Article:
Money doesn’t buy happiness — and debt certainly doesn’t help matters either.
That was a lesson that Cait Flanders realized the hard way. She was battling a growing mountain of debt to the tune of $30,000 — and she felt like she was sinking.
“I wasn’t happy with where I was at in life,” Flanders said. “I wasn’t reaching any of my financial goals.”
So she decided that desperate times call for desperate measures. Flanders put everything on ice — no spending at all for an entire year.
“I would look at my numbers at the end of the month and realize I had barely saved anything,” she said. “It just solidified the plan that I wanted to try living on less.”
In 2014, she decided to attempt to tackle the impossible — cutting herself off in a big way.
Spending Ban: The Basics
She set some ground rules for herself — a baseline to base her year-long journey off of. She came up with a list of green-light items — aka things she was okay to buy.
The approved shopping list wound up looking pretty bare bones: Groceries and basic kitchen supplies, because a girl’s gotta eat. Cosmetics and toiletries, in order to maintain a basic professional appearance. Cleaning products, for sanitary purposes. Gifts for others, because sharing is caring.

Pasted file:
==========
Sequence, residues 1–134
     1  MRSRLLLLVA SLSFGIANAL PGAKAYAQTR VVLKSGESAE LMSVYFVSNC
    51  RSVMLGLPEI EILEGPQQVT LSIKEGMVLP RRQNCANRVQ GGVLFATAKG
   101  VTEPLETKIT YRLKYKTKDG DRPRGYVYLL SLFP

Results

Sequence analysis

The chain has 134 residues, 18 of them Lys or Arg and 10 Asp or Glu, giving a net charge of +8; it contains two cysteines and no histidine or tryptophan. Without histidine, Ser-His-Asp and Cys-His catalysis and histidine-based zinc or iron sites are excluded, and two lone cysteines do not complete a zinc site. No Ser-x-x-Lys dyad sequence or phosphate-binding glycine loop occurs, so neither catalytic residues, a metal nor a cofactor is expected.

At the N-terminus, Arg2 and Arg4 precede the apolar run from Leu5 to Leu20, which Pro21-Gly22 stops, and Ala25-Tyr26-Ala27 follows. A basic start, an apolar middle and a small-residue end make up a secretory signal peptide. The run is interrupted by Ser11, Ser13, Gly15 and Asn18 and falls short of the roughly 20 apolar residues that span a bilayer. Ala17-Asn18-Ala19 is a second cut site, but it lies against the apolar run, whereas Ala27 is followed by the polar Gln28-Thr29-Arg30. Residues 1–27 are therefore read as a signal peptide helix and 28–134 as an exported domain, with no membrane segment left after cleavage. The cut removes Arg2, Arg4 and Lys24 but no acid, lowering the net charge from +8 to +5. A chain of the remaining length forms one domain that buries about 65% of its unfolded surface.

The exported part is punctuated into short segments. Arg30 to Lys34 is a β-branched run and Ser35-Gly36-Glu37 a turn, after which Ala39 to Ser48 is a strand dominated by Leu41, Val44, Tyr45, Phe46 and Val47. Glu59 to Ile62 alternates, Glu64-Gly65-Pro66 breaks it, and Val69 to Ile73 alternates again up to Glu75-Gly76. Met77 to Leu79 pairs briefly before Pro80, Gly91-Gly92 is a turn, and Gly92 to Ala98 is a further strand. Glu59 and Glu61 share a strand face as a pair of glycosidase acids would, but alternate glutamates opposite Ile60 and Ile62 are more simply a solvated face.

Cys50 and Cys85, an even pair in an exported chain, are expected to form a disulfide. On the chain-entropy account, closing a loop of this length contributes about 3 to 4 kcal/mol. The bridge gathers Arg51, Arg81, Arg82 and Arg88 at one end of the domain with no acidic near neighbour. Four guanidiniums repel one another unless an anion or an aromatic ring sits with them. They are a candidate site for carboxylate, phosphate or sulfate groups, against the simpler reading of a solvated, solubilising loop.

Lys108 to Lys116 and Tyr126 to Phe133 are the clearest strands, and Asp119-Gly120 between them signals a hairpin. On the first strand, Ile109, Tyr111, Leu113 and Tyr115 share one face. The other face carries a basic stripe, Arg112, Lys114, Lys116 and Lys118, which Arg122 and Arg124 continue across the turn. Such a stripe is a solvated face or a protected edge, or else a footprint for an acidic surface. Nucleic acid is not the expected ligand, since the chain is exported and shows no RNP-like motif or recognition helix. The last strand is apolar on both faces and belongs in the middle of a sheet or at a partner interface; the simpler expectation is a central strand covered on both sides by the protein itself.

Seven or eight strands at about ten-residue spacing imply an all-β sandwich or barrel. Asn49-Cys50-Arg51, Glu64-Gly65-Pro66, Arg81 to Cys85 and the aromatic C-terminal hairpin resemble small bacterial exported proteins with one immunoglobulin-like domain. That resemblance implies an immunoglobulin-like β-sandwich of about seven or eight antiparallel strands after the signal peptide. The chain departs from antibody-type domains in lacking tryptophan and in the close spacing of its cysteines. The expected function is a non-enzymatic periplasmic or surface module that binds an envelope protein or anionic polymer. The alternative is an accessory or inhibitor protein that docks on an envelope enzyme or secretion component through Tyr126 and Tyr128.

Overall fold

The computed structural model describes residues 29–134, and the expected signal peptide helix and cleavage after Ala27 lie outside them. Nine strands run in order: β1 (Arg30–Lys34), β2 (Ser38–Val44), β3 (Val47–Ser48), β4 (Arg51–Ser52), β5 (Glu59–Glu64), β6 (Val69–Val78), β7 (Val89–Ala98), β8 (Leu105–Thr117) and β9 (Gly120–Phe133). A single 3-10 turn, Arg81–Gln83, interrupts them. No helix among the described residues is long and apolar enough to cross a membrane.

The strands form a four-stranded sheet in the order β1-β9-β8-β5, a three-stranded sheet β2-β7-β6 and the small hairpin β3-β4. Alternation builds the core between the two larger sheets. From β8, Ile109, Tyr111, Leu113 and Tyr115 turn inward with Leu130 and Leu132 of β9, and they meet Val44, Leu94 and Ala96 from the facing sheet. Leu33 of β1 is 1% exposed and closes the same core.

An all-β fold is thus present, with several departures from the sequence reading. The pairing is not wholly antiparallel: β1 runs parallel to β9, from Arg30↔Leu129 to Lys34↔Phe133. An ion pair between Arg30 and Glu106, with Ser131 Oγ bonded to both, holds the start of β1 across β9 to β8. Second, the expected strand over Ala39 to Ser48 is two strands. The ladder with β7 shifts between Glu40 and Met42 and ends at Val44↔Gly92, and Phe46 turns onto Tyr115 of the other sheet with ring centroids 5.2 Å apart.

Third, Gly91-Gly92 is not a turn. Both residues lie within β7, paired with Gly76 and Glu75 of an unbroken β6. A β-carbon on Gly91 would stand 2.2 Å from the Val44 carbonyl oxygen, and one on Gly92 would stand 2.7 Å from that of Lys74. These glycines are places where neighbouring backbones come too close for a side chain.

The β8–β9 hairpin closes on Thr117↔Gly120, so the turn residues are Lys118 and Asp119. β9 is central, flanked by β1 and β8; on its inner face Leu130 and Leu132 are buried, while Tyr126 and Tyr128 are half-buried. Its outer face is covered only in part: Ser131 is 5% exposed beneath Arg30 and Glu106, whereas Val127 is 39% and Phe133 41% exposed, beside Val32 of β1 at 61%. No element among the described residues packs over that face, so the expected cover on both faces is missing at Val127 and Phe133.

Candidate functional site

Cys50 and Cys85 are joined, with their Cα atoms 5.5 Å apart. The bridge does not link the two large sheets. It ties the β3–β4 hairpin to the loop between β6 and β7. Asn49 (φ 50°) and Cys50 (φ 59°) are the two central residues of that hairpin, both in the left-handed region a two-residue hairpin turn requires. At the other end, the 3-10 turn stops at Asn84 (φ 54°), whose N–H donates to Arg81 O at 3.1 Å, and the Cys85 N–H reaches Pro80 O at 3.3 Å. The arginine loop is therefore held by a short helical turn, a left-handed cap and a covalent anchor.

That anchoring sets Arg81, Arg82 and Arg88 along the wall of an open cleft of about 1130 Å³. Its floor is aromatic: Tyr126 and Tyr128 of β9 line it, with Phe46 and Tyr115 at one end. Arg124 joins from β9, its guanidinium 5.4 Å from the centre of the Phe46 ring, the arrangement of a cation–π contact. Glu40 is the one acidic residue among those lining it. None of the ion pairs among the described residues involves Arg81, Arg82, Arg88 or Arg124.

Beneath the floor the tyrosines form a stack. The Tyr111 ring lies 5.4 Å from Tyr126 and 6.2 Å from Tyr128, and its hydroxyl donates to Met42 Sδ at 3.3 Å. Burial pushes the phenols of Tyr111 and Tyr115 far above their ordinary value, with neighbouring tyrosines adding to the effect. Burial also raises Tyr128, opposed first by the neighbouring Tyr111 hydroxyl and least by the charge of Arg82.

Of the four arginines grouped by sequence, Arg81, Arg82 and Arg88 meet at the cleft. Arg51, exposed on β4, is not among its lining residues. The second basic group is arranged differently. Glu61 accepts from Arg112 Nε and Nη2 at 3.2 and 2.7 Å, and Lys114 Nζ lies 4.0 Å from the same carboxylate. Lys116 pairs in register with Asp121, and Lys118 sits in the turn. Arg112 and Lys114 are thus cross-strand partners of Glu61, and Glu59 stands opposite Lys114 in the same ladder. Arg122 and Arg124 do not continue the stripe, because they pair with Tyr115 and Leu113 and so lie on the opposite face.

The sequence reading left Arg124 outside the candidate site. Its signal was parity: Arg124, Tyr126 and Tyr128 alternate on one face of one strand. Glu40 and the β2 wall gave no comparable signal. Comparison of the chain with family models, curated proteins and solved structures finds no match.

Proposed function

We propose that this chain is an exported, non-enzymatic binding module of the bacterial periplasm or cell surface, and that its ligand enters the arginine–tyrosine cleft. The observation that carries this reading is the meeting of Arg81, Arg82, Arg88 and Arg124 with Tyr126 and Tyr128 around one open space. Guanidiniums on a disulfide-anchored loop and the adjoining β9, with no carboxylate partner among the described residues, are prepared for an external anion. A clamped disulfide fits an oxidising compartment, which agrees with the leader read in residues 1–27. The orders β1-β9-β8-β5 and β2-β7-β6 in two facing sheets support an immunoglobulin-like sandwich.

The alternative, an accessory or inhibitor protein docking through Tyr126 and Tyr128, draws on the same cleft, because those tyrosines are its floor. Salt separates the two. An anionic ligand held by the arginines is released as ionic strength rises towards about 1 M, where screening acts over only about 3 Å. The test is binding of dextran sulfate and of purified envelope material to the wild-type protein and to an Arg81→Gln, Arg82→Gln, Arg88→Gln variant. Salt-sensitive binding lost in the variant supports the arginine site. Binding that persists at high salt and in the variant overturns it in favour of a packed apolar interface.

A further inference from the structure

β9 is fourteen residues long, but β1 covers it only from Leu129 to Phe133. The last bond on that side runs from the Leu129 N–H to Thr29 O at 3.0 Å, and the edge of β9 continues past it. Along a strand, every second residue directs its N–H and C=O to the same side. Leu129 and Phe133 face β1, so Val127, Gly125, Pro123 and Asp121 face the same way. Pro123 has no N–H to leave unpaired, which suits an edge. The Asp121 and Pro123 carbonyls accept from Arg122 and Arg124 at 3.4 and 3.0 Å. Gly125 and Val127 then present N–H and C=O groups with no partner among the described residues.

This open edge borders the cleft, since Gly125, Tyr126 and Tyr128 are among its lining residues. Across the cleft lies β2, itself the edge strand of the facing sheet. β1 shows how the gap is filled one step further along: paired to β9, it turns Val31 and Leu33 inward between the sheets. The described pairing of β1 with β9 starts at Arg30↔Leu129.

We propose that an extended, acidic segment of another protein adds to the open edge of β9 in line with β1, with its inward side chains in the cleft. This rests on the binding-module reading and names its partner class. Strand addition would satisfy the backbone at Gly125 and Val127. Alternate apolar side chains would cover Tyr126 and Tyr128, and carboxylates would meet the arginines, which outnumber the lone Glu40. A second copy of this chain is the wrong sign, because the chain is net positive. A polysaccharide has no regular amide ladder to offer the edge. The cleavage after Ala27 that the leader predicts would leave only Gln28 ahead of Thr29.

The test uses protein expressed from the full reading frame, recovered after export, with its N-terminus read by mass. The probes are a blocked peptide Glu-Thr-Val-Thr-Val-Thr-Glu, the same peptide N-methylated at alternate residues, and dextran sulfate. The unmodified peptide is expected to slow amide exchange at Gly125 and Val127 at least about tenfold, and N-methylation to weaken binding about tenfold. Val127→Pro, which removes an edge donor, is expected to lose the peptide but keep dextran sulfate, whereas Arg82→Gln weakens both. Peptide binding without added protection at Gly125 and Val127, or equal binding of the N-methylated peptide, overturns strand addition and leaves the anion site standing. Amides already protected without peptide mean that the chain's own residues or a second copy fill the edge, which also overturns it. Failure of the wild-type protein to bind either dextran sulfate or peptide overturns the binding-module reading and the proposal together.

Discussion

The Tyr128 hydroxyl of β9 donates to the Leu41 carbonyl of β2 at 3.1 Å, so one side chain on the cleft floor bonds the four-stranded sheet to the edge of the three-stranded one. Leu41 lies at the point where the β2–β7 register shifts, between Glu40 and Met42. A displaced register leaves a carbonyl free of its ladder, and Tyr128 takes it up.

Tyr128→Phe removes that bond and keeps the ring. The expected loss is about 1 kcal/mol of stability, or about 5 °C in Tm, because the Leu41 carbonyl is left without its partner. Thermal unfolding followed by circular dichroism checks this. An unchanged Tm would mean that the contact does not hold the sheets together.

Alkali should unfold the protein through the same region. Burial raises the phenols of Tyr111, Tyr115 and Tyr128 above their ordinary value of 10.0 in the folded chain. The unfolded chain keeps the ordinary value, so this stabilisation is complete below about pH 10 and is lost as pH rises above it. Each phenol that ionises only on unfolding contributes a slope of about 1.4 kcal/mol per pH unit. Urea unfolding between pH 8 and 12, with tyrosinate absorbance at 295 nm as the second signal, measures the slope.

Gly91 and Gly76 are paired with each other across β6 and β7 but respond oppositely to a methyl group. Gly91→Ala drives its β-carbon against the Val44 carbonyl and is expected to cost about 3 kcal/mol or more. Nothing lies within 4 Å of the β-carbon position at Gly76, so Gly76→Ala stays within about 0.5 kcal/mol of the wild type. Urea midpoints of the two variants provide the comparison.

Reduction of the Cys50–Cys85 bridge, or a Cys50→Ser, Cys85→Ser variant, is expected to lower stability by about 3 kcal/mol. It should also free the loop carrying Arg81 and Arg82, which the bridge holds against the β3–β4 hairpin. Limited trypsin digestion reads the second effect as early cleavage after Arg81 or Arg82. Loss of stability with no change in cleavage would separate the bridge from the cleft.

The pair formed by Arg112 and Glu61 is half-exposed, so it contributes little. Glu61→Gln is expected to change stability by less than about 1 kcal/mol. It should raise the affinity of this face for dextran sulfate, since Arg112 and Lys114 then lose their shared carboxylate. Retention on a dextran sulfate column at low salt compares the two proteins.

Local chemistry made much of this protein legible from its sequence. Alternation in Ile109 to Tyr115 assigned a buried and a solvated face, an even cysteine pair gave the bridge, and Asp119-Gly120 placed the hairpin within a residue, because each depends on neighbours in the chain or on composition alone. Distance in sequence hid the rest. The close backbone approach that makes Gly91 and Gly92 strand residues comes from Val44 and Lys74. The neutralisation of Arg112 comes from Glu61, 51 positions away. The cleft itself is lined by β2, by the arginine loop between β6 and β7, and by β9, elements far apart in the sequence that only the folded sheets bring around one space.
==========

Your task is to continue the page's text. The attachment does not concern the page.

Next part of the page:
The no-go list was a bit more stringent: No take-out coffee, clothes, shoes, accessories, books, magazines, candles, electronics — if it wasn’t necessary, it didn’t make the cut.
The last list was of items she planned in advance for the year: One outfit for multiple weddings she was scheduled to attend, a sturdy pair of boots, workout pants, a sweatshirt, a bed, and anything that was broken and needed to be replaced.
If that seems pretty minimal, you’re definitely on the right track.
“It really just forced me to figure out what kind of consumer I am,” she said. “It changed a lot of bad habits I had and just replaced them with something better.”
The Big Takeaways
By the end of the shopping ban, she recalculated her finances and realized she lived on an average of just 51 percent of her income — putting 31 percent right back into the bank. (The other 18 percent went to travel expenses, if you’re wondering.)
“Travel was something I had been wanting to do,” she explained. “I just never had the money to be able to do it.”
Flanders cited the other most unexpected byproduct of the experiment was that by end of it, she had saved enough cash to enable her to quit her full-time job and transition to freelance.
Feeling inspired? Flanders outlined a few basic tenets of the shopping ban for those brave enough to follow in her footsteps.
Step one: Take inventory of the things you already have. Step two: Get an accountability partner.
“It’s really important to have at least one person to stay accountable to,” she added. “It’s someone who is looking out for your best interest.”
Flanders said the number one takeaway she learned was that her wallet and her heart weren’t always in sync with what was ultimately best for her in the long run.
“I used to make a lot of aspirational purchases,” she said. “And I needed to learn how to stop buying for that version of myself and start buying for the person I am today.”